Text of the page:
There are only two Microsoft-approved ways to reset a Windows password which are discussed at the bottom of this page.However, there are a number of reasons why one or the other method very often isn't an option.
How to Reset Your Windows Password
You can reset your computer password by temporarily overwriting the Ease of Access executable with the Command Prompt executable from outside of Windows, enabling that now-overwritten feature from the Windows login screen to open Command Prompt, and then resetting your account password via the net user command.
While this password reset process is fairly involved and requires working from a command line, it's very much within the ability of anyone reading this.
That said, the process differs in important ways between versions of Windows, mainly due to the different ways the various Microsoft operating systems give you access to Command Prompt from outside of Windows. Because of these differences, we've created very detailed password reset tutorials you can follow, specific to which Windows version you're using:
Important: To use this password reset method, you'll need access to some sort of recovery or installation media for your version of Windows. Original installation media will work for Windows 10, 8, 7, and Vista. A System Repair Disc is good if you're using Windows 10, 8, or 7, or a Recovery Drive if on Windows Windows or Windows 8. Using installation or recovery media from another computer, yours or a friend's, is fine and won't break any license agreements with Microsoft - just make sure it matches your version of Windows exactly.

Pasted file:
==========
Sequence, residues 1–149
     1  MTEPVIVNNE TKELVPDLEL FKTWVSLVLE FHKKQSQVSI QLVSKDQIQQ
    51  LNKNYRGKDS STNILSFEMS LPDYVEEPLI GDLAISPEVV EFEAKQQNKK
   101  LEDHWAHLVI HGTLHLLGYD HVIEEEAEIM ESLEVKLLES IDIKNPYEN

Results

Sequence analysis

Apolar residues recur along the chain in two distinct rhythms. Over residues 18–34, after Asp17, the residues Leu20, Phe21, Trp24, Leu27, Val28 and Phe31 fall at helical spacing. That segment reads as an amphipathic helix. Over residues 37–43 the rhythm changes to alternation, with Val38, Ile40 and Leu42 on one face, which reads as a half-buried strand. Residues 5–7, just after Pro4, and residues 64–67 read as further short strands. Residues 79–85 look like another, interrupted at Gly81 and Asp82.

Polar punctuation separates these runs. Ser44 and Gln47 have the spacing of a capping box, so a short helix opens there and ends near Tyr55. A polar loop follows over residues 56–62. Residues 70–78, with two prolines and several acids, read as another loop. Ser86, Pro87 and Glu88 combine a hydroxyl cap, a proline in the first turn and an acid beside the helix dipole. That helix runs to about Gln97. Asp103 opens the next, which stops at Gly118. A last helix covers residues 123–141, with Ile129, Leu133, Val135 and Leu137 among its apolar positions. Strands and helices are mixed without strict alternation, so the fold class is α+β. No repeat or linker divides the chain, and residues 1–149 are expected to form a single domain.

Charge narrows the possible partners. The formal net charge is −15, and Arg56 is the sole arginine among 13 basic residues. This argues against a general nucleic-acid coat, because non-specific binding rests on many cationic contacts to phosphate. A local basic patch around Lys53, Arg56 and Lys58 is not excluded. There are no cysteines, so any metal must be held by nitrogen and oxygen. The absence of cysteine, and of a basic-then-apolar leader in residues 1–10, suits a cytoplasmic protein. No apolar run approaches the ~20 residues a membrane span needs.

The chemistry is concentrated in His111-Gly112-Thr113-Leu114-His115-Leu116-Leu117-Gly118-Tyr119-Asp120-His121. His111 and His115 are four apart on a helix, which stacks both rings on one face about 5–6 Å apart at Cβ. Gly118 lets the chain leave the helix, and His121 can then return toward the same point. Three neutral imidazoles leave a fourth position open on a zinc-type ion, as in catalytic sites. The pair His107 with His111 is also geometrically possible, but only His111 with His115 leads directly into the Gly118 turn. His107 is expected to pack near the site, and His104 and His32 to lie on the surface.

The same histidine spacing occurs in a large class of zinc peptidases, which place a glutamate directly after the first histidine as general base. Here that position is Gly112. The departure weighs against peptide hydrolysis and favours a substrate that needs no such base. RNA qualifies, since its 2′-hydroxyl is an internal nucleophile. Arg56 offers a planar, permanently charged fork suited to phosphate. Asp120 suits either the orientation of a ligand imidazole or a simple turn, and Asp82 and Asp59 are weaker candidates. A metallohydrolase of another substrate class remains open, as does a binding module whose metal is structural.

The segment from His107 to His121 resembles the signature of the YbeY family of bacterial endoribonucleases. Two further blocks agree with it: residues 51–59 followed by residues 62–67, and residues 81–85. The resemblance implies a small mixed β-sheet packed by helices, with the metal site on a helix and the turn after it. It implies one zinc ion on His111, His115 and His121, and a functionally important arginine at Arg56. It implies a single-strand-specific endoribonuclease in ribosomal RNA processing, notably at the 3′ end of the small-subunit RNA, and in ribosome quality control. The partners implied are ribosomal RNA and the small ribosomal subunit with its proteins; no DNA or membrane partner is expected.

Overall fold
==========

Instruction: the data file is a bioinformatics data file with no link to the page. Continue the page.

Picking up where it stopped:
What About Windows XP?
It is possible to make this trick work for Windows XP but it's not nearly as straightforward as it is with newer versions of Windows due to the way Recovery Console works.
Microsoft "Approved" Password Reset Methods
There are two preferred ways to reset a Windows password and we recommend that you choose one of these instead of following the procedure above - if your situation allows for it.
If you use Windows 10 or Windows 8 and use an email address to log in, then follow How to Reset Your Microsoft Account Password instead of the advice above. In this particular situation, and only in this situation, this isn't just the preferred method to use; it's one of the only ways that works. Another option is password recovery software but there's no guarantee with one of those.
If you previously created a password reset disk or flash drive, and know where it is, then use that at the login screen in any version of Windows. If you're using Windows 10 or 8 with a Microsoft Account (you log in with an email address), you were never able to create a password reset disk and so you shouldn't have one to try.